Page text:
Each memory 5-i is connected to a control processing logic circuit 6-i in whch are provided one or several data storage flip-flops 7-i, each enabling one bit to be recorded in this logic circuit 6-i and various calculation operations, the application of Boolean functions in particular, to be carried out on them and on the bit addressed in the memory. Logic circuit 6-i is also able to transfer the results of these calculations to memory 5-i.
So that it can be subjected to input/output operations, the parallel processor is provided with an input/output data bus 8 connected to the control unit 2. This bus 8 may be designed in two ways:
(1) parallel inputs and outputs; in this case, writing or reading is done bit after bit on an n-bit data bus.
(2) associative inputs and outputs; in this case, each word is able to perform a write operation in its own memory 5-i which is dependent upon the value of a bit contained in a storage flip-flop 7-i (conditional write operation). Thus it is then possible to look for the words corresponding to a specific condition (for example, the equality of certain bits), to transfer the result to the storage flip-flop and to write a value in the memory, this being done bit after bit by means of the conditional writing system in the parallel processor words thus activated.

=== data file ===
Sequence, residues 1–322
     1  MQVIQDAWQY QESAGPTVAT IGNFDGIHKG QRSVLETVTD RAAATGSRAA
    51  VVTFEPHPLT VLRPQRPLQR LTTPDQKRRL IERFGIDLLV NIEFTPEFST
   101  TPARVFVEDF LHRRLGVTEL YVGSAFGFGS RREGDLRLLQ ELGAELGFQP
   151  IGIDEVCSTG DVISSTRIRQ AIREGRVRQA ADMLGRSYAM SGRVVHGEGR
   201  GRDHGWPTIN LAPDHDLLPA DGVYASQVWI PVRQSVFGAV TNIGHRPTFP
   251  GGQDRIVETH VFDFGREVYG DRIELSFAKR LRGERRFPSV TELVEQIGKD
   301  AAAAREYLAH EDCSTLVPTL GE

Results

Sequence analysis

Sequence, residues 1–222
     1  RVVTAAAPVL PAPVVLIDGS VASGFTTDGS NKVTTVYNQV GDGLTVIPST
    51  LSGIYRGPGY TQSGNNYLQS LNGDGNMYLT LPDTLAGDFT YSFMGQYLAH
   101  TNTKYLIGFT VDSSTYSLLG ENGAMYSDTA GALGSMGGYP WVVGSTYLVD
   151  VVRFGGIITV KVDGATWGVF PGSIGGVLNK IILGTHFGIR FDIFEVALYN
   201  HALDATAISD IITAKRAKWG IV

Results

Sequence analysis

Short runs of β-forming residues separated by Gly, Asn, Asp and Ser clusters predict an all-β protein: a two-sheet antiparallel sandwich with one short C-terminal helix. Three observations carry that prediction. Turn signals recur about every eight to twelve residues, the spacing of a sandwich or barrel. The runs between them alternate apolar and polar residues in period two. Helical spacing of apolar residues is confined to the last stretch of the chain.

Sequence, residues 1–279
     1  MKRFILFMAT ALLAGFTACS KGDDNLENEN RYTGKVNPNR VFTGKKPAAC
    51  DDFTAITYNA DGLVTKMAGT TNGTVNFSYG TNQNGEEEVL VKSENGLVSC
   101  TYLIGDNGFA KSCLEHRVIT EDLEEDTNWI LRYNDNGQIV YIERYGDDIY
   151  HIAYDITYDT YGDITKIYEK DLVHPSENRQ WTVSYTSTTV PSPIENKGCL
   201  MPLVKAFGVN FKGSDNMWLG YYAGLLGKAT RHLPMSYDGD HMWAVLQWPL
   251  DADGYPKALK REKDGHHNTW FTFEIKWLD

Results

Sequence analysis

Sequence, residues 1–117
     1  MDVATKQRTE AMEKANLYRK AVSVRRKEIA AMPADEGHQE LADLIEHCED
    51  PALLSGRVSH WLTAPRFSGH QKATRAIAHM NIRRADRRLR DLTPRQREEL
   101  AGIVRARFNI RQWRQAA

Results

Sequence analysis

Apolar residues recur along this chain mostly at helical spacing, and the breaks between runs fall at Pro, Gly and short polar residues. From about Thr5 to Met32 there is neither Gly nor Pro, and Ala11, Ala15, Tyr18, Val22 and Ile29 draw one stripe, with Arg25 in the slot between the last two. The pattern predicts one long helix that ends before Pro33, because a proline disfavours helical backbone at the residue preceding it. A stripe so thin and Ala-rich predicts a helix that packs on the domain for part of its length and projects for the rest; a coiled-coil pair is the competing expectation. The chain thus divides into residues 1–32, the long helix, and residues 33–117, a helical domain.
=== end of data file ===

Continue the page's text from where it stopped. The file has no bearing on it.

The associative reading operation classically is a conditional reading operation which depends upon the value contained in the flip-flop of each elementary processor, that value representing a condition which is, or is not, fulfilled. For the whole processor, the associative reading operation can be performed by means of an "OR" gate connected to all the storage flip-flop outputs of all the processors. Thus, the memory of each selected elementary processor, can be read bit after bit.
If an operation of writing or loading of a memory 5-i is considered from a peripheral unit delivering, for example, parallel data on 16 bits in M words of the parallel processor, for the time (T) that the operation will take there are:
(a) M address searches on at least N bits (such that 2N = M),
(b) 16 × M write operations,
T = (Mn=16M)t
T > M . 16t (neglecting the first term MN)
where t represents the access time to a slow memory 5-i. Taking M = 256 for example and an access time t, which is about 1 μs for an MOS memory, the loading operation will take a time T ≈ 6,000 μs, which is relatively slow, at least in the application the invention deals with.